Anti-bitcoin law protests

From Wikicryptos

The Anti-bitcoin law protests, also known as the Anti-bitcoin protests, took place in 2021 in response to the introduction by the government of El Salvador of the Bitcoin Law for giving Bitcoin status as legal tender. El Salvador is the first country to offer cryptocurrency a status of legal tender. The protests began on 9 June 2021 when the government passed the law. Thousands of protesters have taken to the streets in El Salvador, angry at the introduction of Bitcoin as its legal tender.[1]


Bitcoin is the first cryptocurrency created in 2009 by Satoshi Nakamoto. The government of El Salvador produced the Bitcoin Law establishing Bitcoin as a legal tender. The law passed by the Legislative Assembly of El Salvador on 9 June 2021, with a majority vote of 62 of a possible 84. Bitcoin became a legal tender on 7 September 2021,[2] 90 days after the publication of the law in the official gazette,[3][4] which makes El Salvador the first country to have bitcoin as legal tender.[2][5] Bitcoin joined the United States dollar as the second official currency of El Salvador.[6]

However, Bitcoin is being criticized because it increase the risk of money laundering and tax avoidance,[7][8] the volatility of bitcoin is also a big question as a legal tender.[9]

In an August 2021 poll conducted by Salvadoran newspaper La Prensa Gráfica, a majority of people polled said they opposed the Bitcoin Law, and almost three quarters of respondents said they would not accept bitcoin as payment.[10]


There have been numerous protests since the introduction of the law in El Salvador.[11][12] On September 15, 2021, thousands of protesters took to the streets to protest against the introduction of Bitcoin as its legal tender. Some protesters burned and vandalized newly installed Bitcoin ATMs.[1][13]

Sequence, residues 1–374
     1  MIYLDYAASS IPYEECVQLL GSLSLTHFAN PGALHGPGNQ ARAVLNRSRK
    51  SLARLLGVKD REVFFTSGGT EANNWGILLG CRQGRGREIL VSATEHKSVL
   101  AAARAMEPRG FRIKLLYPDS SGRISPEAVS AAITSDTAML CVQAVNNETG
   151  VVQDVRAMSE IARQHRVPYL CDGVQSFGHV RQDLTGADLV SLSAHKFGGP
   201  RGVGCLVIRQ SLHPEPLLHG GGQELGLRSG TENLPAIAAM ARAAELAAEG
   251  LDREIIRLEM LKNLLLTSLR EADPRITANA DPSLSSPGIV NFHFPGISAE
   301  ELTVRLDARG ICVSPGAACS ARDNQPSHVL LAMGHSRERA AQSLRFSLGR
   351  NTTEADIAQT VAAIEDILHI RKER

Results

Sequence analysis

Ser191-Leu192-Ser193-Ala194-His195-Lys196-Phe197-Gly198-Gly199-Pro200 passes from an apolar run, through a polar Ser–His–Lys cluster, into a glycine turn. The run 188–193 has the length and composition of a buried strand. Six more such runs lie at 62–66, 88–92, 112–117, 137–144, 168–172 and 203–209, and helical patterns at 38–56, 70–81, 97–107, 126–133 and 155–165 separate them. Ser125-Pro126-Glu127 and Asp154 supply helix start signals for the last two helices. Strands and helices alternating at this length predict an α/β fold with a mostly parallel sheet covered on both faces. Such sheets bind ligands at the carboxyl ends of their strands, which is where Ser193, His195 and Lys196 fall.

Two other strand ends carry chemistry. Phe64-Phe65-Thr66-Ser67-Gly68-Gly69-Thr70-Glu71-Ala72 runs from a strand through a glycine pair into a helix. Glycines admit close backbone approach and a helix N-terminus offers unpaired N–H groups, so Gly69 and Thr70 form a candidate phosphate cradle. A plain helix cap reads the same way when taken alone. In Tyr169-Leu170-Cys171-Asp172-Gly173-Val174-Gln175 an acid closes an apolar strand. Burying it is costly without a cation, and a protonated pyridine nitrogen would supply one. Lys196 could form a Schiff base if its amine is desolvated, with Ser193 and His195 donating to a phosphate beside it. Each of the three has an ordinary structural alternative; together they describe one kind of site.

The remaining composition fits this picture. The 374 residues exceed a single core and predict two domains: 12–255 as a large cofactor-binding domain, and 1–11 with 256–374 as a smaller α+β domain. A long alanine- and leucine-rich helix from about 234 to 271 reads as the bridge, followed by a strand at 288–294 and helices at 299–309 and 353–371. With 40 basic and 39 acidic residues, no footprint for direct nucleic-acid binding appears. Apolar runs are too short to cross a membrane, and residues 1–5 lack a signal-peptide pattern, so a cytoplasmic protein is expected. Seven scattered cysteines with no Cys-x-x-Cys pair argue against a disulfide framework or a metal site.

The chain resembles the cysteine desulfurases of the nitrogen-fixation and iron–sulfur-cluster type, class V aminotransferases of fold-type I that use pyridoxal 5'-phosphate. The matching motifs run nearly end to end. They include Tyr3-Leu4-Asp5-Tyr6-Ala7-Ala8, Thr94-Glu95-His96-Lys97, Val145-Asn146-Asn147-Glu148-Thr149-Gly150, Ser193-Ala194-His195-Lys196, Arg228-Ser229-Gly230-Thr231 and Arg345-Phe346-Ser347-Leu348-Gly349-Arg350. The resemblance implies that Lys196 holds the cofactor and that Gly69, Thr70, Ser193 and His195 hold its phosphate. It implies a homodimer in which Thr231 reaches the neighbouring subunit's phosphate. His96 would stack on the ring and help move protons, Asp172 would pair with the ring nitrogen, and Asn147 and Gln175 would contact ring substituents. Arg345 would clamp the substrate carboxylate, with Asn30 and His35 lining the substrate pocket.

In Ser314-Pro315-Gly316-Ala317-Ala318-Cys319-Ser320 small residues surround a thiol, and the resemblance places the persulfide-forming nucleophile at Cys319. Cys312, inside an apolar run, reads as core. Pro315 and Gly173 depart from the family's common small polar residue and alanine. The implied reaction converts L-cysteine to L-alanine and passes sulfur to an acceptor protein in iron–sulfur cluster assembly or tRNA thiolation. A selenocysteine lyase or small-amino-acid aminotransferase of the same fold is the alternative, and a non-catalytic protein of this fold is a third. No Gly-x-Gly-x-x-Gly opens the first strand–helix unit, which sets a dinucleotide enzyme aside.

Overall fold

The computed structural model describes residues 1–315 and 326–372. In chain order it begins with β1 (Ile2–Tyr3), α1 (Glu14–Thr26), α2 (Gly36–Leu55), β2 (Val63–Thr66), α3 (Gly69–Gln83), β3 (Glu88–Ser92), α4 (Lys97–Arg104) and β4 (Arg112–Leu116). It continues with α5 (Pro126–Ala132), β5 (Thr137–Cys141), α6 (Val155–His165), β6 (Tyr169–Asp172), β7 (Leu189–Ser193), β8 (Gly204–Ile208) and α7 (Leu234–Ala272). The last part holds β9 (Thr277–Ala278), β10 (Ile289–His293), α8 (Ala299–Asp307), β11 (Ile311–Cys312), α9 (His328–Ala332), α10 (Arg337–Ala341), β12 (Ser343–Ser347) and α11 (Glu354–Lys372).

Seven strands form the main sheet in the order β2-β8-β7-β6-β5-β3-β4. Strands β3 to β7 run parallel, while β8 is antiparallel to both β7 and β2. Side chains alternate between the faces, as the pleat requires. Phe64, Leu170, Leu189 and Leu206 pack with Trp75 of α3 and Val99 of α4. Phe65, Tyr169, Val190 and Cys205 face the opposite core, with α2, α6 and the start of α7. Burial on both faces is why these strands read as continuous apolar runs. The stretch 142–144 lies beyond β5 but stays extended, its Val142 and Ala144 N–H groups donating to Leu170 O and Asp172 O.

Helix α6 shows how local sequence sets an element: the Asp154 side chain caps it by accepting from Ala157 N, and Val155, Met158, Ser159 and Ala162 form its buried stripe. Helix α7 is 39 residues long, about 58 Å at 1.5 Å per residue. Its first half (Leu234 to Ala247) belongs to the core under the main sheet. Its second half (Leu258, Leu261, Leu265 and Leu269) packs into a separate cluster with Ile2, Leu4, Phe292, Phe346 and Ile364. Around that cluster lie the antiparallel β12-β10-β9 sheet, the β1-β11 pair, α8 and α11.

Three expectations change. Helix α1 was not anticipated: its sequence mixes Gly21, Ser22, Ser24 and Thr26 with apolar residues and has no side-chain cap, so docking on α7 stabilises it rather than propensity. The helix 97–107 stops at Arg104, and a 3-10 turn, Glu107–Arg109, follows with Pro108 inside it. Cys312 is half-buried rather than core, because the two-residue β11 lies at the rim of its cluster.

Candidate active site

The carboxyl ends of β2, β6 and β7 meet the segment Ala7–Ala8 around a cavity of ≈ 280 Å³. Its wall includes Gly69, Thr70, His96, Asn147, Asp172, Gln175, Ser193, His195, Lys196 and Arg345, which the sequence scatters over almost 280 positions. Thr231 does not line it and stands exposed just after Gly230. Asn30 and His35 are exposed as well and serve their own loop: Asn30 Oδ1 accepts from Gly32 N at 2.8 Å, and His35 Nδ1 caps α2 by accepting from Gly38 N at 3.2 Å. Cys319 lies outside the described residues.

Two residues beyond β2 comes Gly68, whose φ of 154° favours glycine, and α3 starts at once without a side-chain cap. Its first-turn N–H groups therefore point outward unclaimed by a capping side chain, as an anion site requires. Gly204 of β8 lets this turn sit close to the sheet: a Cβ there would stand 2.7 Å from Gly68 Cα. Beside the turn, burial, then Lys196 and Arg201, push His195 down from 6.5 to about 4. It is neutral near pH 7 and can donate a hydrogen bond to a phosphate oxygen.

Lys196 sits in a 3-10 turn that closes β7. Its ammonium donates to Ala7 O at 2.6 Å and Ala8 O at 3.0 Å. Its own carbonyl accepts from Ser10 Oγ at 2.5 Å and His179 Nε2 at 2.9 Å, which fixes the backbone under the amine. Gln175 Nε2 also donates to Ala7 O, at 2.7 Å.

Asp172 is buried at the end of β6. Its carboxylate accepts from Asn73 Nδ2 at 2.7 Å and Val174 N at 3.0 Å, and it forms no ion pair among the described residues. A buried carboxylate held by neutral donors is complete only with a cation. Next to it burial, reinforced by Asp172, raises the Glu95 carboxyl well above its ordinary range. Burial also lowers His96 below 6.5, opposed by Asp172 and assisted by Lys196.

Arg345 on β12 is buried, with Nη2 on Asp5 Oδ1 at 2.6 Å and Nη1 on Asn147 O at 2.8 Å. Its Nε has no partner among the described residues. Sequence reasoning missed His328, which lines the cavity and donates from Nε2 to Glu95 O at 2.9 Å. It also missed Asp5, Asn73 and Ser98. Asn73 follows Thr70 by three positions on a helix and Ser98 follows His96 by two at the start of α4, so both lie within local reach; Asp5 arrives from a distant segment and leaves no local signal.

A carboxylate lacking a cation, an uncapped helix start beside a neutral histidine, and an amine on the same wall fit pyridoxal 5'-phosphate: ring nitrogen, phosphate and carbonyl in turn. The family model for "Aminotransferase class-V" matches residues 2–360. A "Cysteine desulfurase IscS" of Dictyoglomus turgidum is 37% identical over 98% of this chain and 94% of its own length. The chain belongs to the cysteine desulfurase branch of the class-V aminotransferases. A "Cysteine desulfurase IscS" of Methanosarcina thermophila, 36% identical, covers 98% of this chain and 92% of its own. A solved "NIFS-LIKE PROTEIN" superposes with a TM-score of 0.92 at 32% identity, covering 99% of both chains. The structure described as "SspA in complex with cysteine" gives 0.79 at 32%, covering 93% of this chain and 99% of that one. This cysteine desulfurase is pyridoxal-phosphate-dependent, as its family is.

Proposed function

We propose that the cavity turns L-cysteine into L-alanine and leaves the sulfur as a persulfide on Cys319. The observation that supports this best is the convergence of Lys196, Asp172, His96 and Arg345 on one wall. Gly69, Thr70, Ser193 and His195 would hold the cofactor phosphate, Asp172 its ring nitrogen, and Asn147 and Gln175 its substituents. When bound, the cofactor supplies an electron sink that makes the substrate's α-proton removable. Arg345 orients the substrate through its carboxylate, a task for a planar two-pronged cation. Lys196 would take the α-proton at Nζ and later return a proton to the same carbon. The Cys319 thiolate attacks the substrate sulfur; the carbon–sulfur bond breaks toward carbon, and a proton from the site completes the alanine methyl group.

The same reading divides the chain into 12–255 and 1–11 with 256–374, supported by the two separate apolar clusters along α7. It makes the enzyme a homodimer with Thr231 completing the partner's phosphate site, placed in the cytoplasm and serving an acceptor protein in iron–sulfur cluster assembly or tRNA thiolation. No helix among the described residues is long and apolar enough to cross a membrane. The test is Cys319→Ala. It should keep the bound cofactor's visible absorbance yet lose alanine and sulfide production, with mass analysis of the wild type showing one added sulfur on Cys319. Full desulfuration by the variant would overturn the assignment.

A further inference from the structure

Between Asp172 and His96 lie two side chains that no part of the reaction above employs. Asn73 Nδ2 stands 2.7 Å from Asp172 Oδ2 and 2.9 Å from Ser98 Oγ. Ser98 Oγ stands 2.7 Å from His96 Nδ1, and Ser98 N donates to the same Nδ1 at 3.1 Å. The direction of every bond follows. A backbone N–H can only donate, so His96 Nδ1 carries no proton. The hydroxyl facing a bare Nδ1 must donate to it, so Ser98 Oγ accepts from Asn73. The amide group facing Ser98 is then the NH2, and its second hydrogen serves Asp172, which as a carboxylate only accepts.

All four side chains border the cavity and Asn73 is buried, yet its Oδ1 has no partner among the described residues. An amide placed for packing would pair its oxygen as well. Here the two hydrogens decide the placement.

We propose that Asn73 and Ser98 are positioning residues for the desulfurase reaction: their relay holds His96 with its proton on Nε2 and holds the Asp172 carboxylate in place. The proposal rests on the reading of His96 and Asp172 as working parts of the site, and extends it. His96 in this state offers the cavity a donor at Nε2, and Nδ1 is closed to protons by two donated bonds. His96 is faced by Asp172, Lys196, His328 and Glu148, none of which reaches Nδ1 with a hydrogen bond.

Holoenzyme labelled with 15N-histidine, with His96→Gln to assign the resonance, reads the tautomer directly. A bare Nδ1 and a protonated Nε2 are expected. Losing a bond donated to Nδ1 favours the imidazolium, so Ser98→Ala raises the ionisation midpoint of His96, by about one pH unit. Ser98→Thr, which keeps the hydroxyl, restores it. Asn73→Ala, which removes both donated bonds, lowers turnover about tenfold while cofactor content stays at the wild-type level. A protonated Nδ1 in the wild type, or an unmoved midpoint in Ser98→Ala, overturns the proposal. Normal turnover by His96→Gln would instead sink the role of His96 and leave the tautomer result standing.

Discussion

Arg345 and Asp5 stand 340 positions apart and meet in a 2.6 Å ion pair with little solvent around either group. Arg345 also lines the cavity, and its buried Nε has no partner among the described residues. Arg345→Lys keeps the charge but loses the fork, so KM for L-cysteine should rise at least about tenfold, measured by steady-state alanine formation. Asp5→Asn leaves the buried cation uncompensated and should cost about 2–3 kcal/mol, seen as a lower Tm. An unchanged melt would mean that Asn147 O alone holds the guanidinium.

See also[edit]


  1. 1.0 1.1 "Bitcoin protests in El Salvador against cryptocurrency as legal tender". BBC. 2021-09-16. Archived from the original on 2021-09-17. Retrieved 2021-09-18.
  2. 2.0 2.1 "El Salvador Becomes First Country to Adopt Bitcoin as National Currency". The Wall Street Journal. 7 September 2021. Archived from the original on 7 September 2021. Retrieved 7 September 2021.
  3. "Bitcoin: El Salvador makes cryptocurrency legal tender". BBC. 9 June 2021. Archived from the original on 23 June 2021. Retrieved 9 June 2021.
  4. Webber, Jude; Szalay, Eva (9 June 2021). "El Salvador becomes first country to adopt bitcoin as legal tender". Financial Times. Archived from the original on 9 June 2021. Retrieved 9 June 2021.
  5. Hart, Robert (9 June 2021). "El Salvador Makes History As World's First Country To Make Bitcoin Legal Tender". Forbes. Archived from the original on 8 September 2021. Retrieved 9 June 2021.
  6. Renteria, Nelson; Esposito, Anthony (September 8, 2021). "El Salvador's world-first adoption of bitcoin endures bumpy first day". Reuters. Retrieved 9 September 2021.
  7. Arnold, Tom; Strohecker, Karin (9 June 2021). "El Salvador president's bitcoin push casts shadow over IMF efforts". Reuters. Archived from the original on 8 June 2021. Retrieved 9 June 2021.
  8. US taxpayers should be mindful of certain tax provisions that may need to be considered with respect to bitcoin following approval of recent legislation in El Salvador Archived 2021-06-18 at the Wayback Machine, 14 Jun 2021, Ernst & Young
  9. Porterfield, Carlie (6 June 2021). "Here's Why El Salvador Wants To Be The First Country To Formally Adopt Bitcoin". Forbes. Archived from the original on 9 June 2021. Retrieved 9 June 2021.
  10. Livni, Ephrat; Lopez, Oscar (7 September 2021). "El Salvador's Adoption of Bitcoin Is Off to a Rocky Start". New York Times. Archived from the original on 8 September 2021. Retrieved 8 September 2021.
  11. "Why anti-Bitcoin protests erupted this week in El Salvador". Detroit Free Press. 2021-09-11. Archived from the original on 2021-09-12. Retrieved 2021-09-18.
  12. "Bitcoin law protests break out in El Salvador as Central American neighbours wait to see its success". Euro News. 2021-08-30. Archived from the original on 2021-09-07. Retrieved 2021-09-18.
  13. "Bitcoin ATM Burned in El Salvador Amid Anti-Bukele Protests". Bloomberg. 2021-09-15. Retrieved 2021-09-18.
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